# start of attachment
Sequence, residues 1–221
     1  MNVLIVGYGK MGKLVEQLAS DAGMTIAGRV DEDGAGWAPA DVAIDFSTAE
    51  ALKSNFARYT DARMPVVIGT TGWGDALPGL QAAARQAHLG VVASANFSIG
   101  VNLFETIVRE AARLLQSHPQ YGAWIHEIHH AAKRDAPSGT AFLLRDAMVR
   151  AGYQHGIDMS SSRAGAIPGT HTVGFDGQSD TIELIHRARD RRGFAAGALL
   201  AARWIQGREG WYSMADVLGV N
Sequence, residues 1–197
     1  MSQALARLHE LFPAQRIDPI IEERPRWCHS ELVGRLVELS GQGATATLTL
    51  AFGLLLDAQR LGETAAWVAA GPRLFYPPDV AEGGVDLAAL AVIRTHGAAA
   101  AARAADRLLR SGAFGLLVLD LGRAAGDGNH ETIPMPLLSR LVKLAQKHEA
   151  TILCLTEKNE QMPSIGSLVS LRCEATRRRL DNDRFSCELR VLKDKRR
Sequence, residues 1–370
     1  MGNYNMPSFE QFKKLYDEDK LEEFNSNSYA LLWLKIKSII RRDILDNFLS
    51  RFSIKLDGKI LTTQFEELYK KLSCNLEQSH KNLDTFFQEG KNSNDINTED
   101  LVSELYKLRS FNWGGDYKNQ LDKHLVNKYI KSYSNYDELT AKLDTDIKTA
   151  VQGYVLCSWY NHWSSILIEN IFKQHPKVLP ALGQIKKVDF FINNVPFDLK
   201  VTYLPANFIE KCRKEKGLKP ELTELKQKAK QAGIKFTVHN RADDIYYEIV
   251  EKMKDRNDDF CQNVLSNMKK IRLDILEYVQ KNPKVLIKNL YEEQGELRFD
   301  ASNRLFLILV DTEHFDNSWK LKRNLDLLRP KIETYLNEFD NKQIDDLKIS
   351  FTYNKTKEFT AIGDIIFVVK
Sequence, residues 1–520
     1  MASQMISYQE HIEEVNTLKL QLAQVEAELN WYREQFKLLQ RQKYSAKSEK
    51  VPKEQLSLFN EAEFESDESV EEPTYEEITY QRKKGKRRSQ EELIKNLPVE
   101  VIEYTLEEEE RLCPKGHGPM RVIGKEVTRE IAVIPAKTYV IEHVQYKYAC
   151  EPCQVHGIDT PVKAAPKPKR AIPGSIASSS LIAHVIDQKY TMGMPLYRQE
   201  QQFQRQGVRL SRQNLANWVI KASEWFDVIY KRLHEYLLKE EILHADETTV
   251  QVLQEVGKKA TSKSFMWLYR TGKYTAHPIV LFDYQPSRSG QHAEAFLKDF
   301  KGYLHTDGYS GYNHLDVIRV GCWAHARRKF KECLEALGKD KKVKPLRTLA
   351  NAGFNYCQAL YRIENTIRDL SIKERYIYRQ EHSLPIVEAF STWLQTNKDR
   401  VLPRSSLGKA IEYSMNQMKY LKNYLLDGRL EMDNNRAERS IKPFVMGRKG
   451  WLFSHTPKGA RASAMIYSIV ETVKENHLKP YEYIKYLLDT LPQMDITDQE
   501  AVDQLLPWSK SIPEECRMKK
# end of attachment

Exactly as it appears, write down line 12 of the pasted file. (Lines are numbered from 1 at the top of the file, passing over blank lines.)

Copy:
Sequence, residues 1–370